Researchers dig out clues in ancient human faeces that link to the collapse of Central American Mayans

Fareeha Arshad
Photo byPhoto by Marv Watson on Unsplash

In a recent study published in the ‘Quaternary Science Reviews’, researchers have uncovered a lot about the fallen Mayan civilisation by studying the remains of ancient human poop. The study observed that there were periods in history referred to as the dry or the wet periods when there was a shift in the population size observed. The researchers also found that an ancient city, the Itzan (present-day Guatemala), actually existed over 650 years earlier than as previously predicted by the scientists.

With this study, researchers believe there is a new way to look at the ancient historical evidence – the remains of human faeces that gives a much more detailed or possibly more precise picture of the ancient societies. Because the ancient Mayan architectures and related records are no longer available, researchers believe that the analysis of the faecal matter, that is, the organic remains of humans that may be preserved in other sources like buried within the soil beds, can serve as a source for further studying about other factors and elements associated with other ancient civilisations. Such organic molecules, like from faeces, remain in the surroundings for thousands of years and serve as promising tools for the detailed study of ancient history.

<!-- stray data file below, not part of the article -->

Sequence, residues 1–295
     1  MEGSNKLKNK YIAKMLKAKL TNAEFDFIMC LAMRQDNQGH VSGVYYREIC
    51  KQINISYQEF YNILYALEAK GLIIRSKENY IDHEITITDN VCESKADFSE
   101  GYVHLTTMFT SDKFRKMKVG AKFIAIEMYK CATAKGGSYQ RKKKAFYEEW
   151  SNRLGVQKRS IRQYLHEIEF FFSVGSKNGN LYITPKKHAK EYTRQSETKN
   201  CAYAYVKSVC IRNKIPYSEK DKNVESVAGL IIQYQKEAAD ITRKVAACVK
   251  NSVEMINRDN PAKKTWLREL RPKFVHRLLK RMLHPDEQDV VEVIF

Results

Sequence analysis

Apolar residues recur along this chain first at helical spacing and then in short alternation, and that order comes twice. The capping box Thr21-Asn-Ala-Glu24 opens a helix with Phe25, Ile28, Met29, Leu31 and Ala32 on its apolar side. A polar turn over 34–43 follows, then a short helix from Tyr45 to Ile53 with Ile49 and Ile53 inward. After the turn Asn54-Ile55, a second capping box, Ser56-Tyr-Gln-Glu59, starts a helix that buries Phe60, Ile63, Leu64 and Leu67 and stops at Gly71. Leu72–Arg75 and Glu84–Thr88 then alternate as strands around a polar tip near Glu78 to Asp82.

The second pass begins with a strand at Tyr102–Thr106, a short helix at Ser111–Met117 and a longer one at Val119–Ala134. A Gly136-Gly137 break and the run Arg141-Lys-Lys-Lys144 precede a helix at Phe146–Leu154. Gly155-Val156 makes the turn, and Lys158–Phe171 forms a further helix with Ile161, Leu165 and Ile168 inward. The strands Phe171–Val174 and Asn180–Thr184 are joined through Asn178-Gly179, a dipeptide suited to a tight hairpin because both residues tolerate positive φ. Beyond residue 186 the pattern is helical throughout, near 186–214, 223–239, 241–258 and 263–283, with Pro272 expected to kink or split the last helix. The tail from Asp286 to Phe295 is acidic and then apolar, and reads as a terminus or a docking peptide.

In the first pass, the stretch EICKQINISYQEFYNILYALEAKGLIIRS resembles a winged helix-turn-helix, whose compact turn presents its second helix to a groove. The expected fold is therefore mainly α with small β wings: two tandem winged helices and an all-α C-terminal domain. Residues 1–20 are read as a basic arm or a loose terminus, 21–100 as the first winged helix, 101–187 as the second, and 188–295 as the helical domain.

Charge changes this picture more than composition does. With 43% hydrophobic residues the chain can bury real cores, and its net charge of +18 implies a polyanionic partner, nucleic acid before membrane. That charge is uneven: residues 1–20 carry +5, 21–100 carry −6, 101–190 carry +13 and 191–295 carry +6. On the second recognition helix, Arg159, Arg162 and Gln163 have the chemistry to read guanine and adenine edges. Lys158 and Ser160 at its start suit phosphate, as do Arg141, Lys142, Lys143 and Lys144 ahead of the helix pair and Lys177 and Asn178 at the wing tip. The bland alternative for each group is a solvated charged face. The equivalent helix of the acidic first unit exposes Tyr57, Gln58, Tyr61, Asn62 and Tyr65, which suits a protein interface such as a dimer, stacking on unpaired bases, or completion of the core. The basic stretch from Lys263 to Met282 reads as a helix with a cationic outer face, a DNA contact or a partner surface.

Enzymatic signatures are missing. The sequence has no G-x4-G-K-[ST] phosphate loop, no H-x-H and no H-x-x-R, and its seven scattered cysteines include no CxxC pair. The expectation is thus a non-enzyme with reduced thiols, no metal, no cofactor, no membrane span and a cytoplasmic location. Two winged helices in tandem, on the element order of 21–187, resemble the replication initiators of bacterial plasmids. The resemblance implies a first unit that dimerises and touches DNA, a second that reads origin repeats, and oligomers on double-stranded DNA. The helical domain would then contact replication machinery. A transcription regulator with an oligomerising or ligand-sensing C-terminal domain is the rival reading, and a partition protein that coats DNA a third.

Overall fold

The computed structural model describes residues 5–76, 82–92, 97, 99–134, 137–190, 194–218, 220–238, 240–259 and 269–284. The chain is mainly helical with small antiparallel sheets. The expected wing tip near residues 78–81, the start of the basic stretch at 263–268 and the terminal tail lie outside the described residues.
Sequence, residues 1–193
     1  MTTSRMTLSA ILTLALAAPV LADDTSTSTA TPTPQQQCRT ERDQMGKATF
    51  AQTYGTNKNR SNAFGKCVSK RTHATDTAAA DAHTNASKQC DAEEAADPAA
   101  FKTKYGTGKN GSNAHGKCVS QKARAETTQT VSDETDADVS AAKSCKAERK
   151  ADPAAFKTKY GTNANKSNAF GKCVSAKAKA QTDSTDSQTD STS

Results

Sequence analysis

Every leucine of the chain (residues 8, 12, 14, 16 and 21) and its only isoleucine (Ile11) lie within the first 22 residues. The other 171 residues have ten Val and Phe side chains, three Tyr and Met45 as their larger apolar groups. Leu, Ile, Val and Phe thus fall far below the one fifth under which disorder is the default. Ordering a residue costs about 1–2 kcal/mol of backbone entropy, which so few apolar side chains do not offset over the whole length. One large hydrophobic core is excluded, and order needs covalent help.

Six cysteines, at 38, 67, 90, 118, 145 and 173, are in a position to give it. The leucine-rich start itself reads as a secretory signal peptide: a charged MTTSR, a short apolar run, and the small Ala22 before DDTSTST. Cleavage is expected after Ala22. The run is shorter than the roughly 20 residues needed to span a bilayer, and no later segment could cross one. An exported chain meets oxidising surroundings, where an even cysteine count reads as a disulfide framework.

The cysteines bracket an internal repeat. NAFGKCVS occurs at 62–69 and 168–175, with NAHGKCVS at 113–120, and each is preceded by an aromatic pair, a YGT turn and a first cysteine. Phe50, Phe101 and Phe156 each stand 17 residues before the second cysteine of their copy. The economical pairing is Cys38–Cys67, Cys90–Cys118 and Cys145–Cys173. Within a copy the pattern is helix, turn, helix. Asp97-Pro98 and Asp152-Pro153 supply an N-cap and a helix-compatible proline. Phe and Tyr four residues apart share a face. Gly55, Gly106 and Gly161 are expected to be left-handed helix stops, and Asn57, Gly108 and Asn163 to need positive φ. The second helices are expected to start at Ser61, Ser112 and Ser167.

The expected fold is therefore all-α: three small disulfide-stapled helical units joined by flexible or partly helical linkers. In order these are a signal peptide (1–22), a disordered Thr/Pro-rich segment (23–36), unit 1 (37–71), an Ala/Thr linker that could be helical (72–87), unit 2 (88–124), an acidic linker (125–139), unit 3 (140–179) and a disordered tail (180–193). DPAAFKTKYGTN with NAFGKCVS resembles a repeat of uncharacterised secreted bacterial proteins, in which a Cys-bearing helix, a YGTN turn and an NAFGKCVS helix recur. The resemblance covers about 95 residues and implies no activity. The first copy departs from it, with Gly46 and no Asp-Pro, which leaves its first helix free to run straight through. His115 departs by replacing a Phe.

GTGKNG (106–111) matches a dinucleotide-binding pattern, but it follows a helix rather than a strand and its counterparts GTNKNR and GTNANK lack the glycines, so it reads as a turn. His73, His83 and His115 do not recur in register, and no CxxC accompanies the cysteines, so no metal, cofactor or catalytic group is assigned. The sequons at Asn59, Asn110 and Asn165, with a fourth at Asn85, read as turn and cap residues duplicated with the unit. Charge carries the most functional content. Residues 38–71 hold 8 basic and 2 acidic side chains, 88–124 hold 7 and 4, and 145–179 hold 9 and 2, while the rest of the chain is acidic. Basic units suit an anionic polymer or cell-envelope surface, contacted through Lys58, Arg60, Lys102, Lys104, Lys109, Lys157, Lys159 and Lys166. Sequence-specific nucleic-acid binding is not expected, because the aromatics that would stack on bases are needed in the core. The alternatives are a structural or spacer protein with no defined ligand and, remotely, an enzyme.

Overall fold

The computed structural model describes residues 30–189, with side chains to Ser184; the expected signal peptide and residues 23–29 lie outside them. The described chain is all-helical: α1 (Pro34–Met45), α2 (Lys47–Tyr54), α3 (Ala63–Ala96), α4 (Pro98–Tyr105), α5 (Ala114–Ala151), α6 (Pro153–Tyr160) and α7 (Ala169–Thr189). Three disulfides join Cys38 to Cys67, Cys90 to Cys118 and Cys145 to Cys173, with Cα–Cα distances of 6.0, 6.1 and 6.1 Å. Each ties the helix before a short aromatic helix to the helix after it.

Among the various organic compounds, stanols have been shown to give constant yet accurate changes related to the lifestyle of living beings that existed long ago. They accurately indicate how people lived and how the population changed long ago. The researchers extracted stanol from an Itzan lake and studied the difference in the data achieved versus the ancient geological data related to climate and vegetation already available.

Although the scientists discovered some consistency with the already published data in the study, a few new findings were also observed. They concluded that the ancient civilisations, too, were affected by climate and population changes that may have led to their downfall. They also observed that there could have been a population spike around 1687 because of the Spanish attack on the Maya that could have led to the movement of the refugees, thereby causing changes in the faecal remains.

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I am a scientist by profession and a historian by passion. I mostly write about history and science.

Texas State

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